In estate planning, a common phrase used in a Last Will & Testament or a Living Trust is that a gift or devise will "lapse." So what does this mean? In the estate planning context, when a gift lapses, it ceases or is extinguished. The lapsing of the gift is usually tied to some event such as the death of the beneficiary.
For example, a Will provision might read as follows: "To my nephew, John, if he survives me, I leave the sum of $5,000. If my nephew predeceases me, this gift will lapse." In this example, if John is living when the person creating the Will dies, then John will receive the $5,000. If John has already died, the gift to John ceases and will go to someone else named elsewhere in the Will or as determined by law.
Because provision for the beneficiary specifies that the gift will lapse on the occurance of some event, it is important to specify what happens to that gift. It can either be specified that upon lapse, the gift will go to some other identified person or it can provide that the gift will be devised under the "residuary" provisions--i.e. the "rest, residue and remainder" provisions of the Will. In the example set forth above, the Will could address this as "To my nephew, John, if he survives me, I leave the sum of $5,000. If my nephew predeceases me, this gift will lapse and in such case the sum of $5,000 shall instead be devised to my niece, Suzie."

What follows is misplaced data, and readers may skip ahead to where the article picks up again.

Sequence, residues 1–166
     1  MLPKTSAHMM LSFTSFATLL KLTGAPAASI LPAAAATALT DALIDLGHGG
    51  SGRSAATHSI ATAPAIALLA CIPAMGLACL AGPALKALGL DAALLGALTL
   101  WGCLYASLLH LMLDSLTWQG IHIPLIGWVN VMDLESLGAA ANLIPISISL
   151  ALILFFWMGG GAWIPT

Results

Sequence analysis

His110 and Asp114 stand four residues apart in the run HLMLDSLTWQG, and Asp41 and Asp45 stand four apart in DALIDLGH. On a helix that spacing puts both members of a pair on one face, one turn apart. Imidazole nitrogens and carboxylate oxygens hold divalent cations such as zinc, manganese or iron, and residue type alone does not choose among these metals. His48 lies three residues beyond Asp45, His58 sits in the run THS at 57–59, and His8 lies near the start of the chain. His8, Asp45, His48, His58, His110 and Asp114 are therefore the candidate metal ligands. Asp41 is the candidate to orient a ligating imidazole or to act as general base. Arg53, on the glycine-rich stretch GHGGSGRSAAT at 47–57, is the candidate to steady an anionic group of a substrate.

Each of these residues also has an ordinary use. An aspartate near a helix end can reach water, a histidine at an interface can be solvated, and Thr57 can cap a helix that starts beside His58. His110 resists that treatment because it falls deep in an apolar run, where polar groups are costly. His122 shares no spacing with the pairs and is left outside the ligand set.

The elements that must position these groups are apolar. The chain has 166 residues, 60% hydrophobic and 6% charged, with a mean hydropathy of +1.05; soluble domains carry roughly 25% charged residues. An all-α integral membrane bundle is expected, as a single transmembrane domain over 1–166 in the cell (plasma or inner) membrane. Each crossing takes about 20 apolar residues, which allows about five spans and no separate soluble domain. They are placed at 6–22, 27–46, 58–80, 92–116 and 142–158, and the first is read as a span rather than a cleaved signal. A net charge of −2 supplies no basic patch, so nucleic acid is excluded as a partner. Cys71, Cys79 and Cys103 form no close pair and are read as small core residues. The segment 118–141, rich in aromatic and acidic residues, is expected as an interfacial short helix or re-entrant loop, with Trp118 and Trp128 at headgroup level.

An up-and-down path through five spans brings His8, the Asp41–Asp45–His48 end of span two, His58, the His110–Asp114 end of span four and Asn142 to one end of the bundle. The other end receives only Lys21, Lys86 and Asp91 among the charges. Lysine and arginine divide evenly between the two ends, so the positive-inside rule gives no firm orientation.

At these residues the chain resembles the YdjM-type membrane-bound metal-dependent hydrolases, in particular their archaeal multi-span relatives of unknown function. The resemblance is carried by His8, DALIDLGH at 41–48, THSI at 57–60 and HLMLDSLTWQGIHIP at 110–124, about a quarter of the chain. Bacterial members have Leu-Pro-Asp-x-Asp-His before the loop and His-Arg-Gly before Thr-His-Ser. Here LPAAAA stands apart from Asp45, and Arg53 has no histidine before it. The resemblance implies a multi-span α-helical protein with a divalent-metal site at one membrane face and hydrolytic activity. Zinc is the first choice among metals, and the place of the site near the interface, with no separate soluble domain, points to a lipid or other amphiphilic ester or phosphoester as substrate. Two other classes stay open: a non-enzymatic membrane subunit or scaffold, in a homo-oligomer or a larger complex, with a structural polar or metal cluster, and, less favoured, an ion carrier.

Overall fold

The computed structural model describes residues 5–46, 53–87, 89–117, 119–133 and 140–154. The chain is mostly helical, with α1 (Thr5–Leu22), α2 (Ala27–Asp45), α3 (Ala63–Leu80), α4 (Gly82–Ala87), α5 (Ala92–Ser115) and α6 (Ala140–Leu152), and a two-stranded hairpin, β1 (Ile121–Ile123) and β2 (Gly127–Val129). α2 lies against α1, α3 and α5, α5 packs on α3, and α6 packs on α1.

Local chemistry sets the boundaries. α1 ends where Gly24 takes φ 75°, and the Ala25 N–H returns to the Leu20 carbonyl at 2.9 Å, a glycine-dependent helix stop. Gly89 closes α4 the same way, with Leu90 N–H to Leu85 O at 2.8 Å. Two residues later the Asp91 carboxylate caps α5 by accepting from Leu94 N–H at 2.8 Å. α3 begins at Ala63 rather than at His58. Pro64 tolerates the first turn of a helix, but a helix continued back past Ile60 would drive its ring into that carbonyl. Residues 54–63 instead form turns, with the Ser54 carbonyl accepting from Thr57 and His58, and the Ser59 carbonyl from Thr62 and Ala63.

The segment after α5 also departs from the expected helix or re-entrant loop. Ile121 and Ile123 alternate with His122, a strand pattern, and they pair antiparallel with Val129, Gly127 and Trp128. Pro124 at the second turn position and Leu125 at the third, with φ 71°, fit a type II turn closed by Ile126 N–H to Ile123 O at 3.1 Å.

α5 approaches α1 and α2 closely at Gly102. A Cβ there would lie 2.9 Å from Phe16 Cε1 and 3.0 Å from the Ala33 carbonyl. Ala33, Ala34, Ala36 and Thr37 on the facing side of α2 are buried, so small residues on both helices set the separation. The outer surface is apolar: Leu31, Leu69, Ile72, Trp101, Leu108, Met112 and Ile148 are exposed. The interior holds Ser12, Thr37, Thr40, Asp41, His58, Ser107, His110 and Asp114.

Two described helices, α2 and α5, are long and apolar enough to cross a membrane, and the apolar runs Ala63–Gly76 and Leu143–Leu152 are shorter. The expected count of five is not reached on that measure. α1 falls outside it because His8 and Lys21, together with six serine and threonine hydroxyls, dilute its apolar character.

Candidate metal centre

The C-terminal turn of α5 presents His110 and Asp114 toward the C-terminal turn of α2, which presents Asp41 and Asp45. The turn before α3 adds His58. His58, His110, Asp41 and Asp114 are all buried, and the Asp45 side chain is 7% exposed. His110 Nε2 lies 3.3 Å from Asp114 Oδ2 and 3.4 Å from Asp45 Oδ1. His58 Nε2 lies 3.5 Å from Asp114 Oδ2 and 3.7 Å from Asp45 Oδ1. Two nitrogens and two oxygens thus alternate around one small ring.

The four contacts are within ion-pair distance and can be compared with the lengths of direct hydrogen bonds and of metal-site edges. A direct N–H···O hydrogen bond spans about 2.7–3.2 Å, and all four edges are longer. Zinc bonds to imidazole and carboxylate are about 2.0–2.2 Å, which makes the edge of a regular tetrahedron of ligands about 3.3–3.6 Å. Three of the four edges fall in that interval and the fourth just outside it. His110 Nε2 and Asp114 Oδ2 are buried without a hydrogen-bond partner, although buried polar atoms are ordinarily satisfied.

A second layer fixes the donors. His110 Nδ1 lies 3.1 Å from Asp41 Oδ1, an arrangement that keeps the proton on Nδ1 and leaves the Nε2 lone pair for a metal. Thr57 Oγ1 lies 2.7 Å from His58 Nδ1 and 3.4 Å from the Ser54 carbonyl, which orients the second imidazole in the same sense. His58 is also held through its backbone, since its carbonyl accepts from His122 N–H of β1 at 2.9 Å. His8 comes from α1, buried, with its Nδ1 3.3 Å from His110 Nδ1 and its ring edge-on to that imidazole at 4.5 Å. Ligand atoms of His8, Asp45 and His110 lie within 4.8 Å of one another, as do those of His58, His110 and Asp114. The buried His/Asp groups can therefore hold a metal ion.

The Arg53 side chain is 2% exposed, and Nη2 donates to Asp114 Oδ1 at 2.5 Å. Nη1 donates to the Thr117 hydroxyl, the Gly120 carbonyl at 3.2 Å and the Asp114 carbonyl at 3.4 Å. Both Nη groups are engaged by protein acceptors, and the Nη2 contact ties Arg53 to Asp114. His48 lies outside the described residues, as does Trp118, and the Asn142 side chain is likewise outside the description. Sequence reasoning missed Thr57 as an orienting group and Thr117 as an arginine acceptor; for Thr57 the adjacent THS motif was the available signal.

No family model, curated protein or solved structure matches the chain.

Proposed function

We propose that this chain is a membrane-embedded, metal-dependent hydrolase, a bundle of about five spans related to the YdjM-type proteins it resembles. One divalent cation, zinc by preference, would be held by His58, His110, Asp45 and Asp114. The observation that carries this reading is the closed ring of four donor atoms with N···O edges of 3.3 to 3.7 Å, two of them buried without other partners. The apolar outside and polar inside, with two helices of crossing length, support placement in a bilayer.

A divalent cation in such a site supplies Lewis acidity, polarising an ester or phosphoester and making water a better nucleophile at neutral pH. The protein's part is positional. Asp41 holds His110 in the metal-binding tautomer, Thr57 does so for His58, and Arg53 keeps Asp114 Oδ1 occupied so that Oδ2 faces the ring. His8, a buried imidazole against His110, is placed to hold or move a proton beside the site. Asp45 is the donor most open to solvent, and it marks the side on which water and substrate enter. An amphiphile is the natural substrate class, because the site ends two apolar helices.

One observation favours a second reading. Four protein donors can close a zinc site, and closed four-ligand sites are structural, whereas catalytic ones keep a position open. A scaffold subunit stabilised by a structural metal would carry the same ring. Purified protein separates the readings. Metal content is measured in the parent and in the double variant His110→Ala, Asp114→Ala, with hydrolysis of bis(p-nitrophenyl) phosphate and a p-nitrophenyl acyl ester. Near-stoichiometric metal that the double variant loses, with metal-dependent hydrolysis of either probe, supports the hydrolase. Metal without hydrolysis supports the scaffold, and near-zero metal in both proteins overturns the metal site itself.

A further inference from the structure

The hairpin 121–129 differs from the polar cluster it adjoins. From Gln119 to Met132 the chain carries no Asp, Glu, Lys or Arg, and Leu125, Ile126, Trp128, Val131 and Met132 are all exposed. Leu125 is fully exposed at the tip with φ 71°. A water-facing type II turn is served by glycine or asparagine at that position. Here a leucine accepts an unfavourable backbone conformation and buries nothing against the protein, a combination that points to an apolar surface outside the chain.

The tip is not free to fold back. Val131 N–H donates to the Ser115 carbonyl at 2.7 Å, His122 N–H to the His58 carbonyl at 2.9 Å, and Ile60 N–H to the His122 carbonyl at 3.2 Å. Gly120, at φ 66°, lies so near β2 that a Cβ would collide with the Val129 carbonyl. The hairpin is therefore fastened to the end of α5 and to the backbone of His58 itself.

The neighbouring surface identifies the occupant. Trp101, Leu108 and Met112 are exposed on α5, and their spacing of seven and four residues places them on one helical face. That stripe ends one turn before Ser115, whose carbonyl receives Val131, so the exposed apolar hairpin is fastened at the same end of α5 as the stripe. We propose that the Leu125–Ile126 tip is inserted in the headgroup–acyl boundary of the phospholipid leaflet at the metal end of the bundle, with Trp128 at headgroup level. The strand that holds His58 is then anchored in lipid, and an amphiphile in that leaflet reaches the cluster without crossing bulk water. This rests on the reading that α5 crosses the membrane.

A dliemna can arrise when the gift which lapses is within the residuary provisions of the Will. For example, if the Will provided: "To my nephew, John, if he survives me, I leave all of the rest, residue and remainder of my estate. If my nephew predeceases me, this gift will lapse." If the Will does not name an alternate beneficiary in the event of a lapse of a gift in the residuary provision, a problem can arise as to who the gift should be devised. Although beyond the scope of this blog entry, many states actually have "anti-lapse" statutes which address this situation.
Experienced estate planning lawyers typically address matters such as what happens in the event a gift lapses. Don't try to got it alone by drafting your own documents--you're just inviting trouble and additional expense later on!